Monday, May 6, 2013

In the Shadow of the Sun

Having just seen one movie about the inherited disorder thalassemia, Blood Relative, I then went to another movie about albinism.  Albinism, like thalassemia, occurs when a child inherits two recessive genes from parents which result in their body producing no melanin.

Being totally white in equatorial Africa makes you stand out, to say the least. And the equatorial sun is especially hard on people who suffer from sun sensitivity because of the lack of melanin.  Then there's the persecution they face being labelled as a curse or sign of bad luck, resulting in taunt, bullying and beating.

What could be worse for an albino than being considered a sign of bad luck?  Having Tanzanian witch doctors spread the myth that body parts of albinos in magic potions can bring good luck.  This leads to a rash of albino killings and mutilations.  Josephat Torner, a Tanzanian albino undertakes a 4 year journey through villages of Tanzania, delivering the message that albinos are humans just like everyone and that the witch doctor's claims are false.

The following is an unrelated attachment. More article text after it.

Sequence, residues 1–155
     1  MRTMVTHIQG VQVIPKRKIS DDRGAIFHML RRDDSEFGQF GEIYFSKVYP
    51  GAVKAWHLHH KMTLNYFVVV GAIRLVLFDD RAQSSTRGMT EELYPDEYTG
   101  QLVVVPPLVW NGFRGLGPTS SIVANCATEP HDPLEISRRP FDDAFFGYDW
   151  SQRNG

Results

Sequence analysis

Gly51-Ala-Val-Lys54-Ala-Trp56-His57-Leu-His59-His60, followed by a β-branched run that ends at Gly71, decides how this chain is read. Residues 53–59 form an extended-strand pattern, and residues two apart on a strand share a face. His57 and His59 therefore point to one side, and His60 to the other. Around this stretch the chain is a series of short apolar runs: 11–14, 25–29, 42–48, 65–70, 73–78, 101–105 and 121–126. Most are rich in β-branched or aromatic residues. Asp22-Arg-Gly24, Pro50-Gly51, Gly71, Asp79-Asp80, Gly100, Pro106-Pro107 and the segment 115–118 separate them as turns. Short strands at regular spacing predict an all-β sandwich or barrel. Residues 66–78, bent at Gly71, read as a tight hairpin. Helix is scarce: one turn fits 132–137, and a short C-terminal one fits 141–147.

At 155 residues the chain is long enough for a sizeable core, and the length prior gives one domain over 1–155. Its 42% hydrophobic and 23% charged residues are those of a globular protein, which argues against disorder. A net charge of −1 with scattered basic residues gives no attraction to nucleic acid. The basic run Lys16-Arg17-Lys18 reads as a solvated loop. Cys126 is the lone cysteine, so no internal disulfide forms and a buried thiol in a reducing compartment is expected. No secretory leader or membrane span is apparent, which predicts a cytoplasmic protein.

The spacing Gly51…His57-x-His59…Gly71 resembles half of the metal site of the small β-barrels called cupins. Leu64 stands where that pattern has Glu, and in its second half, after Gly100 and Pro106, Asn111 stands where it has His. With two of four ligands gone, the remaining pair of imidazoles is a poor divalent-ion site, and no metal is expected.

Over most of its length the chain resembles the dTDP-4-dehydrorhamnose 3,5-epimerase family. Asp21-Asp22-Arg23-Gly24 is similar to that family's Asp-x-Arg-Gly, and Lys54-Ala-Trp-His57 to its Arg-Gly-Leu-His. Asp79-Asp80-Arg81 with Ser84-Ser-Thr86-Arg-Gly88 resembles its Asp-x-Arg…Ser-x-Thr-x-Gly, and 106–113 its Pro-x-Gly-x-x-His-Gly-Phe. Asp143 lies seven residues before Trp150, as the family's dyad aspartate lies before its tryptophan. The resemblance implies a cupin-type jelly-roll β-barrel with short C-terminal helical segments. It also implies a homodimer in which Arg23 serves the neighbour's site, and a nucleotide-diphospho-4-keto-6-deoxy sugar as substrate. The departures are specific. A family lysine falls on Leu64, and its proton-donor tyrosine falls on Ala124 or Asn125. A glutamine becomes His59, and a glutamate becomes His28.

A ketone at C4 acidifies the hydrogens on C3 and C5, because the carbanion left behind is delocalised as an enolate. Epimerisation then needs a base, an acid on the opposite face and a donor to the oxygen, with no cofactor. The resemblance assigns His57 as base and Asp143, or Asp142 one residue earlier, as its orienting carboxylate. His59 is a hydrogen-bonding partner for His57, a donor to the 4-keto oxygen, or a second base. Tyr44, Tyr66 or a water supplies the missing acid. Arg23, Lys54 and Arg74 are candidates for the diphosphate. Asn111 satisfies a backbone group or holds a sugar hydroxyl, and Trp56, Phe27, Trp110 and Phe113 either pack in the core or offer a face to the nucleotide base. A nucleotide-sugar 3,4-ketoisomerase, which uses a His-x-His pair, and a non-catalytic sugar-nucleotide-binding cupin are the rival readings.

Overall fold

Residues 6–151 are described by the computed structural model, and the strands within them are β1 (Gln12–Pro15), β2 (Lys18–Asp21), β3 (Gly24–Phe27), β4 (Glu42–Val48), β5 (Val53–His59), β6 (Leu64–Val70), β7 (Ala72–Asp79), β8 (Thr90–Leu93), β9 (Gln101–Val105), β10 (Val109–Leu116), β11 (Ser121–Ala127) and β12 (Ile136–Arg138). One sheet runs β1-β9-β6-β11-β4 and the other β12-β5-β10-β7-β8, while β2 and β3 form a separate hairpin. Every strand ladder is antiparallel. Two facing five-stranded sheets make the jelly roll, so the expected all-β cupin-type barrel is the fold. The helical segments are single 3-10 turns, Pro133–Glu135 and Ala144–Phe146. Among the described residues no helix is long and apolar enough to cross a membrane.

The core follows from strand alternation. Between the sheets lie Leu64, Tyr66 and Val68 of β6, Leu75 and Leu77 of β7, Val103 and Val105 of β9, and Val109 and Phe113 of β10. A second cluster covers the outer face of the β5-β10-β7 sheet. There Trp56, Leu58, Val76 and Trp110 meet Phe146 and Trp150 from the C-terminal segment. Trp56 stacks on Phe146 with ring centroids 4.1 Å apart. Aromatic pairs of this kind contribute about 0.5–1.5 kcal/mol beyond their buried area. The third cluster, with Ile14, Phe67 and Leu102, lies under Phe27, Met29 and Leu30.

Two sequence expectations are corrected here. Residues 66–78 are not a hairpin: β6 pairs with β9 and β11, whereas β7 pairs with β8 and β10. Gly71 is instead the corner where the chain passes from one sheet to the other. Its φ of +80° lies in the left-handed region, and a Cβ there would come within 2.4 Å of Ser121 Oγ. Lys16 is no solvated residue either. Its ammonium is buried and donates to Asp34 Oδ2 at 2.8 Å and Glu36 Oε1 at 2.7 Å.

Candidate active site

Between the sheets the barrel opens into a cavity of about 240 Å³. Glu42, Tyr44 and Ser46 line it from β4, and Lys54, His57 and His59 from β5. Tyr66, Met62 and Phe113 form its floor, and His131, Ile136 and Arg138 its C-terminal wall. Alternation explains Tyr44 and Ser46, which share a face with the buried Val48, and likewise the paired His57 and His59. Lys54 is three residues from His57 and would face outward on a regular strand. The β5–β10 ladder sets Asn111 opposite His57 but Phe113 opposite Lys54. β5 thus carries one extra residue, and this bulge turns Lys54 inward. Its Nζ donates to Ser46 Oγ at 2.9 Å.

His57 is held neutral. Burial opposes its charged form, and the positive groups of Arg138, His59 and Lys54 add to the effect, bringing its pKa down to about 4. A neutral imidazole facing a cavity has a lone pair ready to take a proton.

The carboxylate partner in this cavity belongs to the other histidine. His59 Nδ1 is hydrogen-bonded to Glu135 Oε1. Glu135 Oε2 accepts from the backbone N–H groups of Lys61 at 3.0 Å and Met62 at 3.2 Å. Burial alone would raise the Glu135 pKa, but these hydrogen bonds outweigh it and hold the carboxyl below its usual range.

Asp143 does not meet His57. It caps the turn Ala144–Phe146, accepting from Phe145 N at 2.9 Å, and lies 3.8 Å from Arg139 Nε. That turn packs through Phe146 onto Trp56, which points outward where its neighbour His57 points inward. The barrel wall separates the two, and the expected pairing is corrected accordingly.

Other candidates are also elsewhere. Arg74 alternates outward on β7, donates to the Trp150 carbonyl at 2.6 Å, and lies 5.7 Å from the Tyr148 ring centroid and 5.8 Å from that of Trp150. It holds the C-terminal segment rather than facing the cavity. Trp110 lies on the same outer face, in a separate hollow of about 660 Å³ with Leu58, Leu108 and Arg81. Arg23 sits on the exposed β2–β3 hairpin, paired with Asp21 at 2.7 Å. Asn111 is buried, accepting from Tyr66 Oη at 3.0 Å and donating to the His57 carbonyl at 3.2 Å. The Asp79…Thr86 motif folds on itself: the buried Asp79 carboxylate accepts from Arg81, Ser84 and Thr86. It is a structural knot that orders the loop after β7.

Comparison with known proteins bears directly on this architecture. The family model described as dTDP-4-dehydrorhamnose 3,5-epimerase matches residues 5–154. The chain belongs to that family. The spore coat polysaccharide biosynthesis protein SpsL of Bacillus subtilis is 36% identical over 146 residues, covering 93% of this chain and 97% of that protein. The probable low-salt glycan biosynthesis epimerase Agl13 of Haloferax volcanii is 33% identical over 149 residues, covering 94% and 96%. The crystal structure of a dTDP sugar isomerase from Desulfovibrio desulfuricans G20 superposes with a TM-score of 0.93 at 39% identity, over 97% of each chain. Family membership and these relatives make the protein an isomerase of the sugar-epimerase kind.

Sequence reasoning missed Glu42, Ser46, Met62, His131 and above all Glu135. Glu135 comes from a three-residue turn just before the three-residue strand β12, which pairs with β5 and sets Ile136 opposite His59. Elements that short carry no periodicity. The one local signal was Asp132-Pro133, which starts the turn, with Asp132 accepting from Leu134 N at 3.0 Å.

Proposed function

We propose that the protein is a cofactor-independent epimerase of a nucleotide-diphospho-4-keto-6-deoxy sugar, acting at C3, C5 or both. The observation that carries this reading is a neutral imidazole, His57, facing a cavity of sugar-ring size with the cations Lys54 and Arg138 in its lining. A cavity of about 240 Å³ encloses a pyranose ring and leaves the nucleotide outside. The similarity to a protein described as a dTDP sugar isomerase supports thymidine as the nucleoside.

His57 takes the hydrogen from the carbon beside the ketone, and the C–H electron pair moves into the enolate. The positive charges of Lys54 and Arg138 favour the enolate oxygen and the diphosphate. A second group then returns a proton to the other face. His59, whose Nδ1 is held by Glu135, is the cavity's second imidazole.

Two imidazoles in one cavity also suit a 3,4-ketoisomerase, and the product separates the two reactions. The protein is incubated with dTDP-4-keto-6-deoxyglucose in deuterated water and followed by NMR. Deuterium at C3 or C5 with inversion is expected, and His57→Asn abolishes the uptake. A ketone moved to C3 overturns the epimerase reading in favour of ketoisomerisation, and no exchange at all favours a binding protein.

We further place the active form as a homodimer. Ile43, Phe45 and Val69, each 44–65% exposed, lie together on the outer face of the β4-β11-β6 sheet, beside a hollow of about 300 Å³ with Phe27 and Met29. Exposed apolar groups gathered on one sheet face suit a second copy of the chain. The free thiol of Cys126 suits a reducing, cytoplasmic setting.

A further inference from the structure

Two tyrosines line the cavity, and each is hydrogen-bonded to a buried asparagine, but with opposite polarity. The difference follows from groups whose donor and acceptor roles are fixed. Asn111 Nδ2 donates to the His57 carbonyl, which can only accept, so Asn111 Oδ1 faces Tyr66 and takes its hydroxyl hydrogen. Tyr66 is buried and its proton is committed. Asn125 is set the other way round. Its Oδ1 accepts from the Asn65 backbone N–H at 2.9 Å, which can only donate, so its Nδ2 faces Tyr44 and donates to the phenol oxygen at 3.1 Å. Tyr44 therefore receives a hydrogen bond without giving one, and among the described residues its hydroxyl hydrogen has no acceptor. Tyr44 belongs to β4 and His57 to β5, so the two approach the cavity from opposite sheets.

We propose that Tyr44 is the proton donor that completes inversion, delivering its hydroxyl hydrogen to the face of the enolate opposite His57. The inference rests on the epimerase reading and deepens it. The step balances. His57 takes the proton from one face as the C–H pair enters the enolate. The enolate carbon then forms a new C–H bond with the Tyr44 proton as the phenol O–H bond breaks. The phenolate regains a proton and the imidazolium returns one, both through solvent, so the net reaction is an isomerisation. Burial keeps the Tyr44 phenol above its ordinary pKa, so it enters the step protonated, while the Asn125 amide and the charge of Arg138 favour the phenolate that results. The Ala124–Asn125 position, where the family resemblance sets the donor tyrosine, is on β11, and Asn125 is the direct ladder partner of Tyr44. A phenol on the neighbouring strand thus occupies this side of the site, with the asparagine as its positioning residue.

In the Shadow of the Sun follows Josephat's journey and the efforts (ultimately successful) of another young boy desperate to find a school that will accept him.  The movie also shows clips of President Kikweke speaking out against the killings and beefing up the police response.  In fact, Josephat himself is almost abducted in the middle of the night from his hotel room, saved only by the timely arrival of the police as he's being pushed into a car.

This film is linked with Blood Relative by more than its subject of a genetic disorder.  Just as reliance on religion and praying to the goddess was delaying treatment for a thalassemia patient in Blood Relative, here too belief in religion by people uneducated in the true explanation behind albinism causes them great pain.  It's such a cliche to say it, but education is so important in moving toward a more humane and tolerant world.

Good movie.  Sad, but with shoots of optimism.

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